It Was Time For a Change — What The Pandemic Revealed about the State of Education

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University is hard. Completing a degree at any level can be seen as having to overcome several herculean feats to get assignments completed on time, all while juggling 2 part-time jobs and trying to pay the bills. Now with the added challenge of a massive pandemic that has completely altered how modern society functions, it has come to a boiling point. Burnout, stress, illness, and just generally elevated anxiety levels have resulted in lower grades, higher dropout numbers, and far too many cases of students just feeling too overwhelmed to continue.

So what is there to be done? What has been done up until this point in time? The methods have shifted from classroom to classroom, educator to educator, but the common denominator seems to be as much as virtual has added an unexpected convenience, nothing can replace in-class interactions. Engagement levels have dropped, assignments have increased, and there is just a general sense of loneliness and isolation when all your daily conversations with another human being occur through a screen.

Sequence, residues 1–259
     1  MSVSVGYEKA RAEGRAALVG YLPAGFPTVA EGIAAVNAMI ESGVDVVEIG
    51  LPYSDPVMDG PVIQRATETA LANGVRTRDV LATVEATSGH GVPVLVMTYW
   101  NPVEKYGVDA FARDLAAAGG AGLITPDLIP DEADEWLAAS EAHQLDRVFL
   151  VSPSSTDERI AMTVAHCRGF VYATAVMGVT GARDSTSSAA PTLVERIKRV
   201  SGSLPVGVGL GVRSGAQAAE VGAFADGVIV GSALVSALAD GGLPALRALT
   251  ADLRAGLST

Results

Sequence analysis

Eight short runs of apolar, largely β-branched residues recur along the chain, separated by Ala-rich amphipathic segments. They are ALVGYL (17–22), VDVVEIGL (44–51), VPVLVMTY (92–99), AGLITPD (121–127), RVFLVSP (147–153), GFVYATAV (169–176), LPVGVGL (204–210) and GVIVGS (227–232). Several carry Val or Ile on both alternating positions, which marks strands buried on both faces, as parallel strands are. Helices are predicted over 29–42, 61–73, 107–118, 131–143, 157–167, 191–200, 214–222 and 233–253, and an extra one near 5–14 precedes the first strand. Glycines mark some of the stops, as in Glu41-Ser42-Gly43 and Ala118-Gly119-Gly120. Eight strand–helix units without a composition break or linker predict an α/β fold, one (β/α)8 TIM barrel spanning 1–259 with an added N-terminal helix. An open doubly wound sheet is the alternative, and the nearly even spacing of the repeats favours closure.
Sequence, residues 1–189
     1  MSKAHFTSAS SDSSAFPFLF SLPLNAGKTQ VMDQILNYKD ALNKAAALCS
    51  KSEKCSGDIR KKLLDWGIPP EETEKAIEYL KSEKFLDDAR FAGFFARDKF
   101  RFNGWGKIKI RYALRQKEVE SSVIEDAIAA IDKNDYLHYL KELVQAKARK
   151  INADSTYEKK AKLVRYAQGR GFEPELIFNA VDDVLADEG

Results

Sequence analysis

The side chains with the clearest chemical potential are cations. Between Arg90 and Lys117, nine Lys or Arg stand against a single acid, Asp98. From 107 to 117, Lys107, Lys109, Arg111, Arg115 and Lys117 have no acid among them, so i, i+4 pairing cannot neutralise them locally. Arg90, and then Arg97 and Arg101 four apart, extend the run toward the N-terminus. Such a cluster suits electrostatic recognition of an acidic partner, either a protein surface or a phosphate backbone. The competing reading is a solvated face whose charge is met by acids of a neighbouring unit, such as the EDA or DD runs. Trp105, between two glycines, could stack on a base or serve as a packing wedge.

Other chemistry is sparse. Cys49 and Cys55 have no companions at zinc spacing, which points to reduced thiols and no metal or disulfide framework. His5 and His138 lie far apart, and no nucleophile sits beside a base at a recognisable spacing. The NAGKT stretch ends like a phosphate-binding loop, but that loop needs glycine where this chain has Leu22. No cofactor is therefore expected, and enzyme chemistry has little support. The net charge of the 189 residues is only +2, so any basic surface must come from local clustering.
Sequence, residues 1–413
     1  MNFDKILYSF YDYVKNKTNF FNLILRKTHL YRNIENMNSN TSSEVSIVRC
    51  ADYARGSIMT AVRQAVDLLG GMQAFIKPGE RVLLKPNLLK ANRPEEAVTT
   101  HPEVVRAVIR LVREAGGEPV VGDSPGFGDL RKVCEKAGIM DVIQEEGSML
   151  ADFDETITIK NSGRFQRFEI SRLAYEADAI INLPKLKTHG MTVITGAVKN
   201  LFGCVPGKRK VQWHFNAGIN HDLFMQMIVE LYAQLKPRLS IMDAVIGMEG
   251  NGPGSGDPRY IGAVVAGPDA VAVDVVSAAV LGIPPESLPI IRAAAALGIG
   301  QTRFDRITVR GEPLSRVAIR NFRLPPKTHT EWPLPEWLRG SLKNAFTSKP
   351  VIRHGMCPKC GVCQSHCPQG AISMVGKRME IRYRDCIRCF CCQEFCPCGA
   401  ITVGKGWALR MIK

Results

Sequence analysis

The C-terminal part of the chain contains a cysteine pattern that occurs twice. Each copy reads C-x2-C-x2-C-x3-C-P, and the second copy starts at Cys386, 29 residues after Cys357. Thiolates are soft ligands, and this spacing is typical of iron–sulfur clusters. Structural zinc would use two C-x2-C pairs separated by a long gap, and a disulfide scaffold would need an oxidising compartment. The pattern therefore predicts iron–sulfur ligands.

However, there are some things educators have attempted to implement in order to make their student’s lives a little less dark and gloomy. And not only that, but many universities have become conscientious about ensuring that students who may not be as privileged and rely on the resources once provided by being onsite on campus. The latter issue is something that Michael Hawes, CEO of Fulbright Canada brought up throughout a recent panel discussion on “The Future of Education” on DotsLive. He mentioned how Indigenous students have suffered the most from the lack of access to public resources, as many do not have internet access, bandwidth or hardware to properly participate in online classes. “A couple weeks ago, a student requested that we have a meeting at 11pm, because that was the only time she had access to the internet…it was a stark reminder that technology is not accessible to all our students.” Fulbright is actually launching an initiative this January in partnership with the Harvard Kennedy School to engage in meaningful conversations with indigenous students and other underrepresented groups so that they can better serve their needs.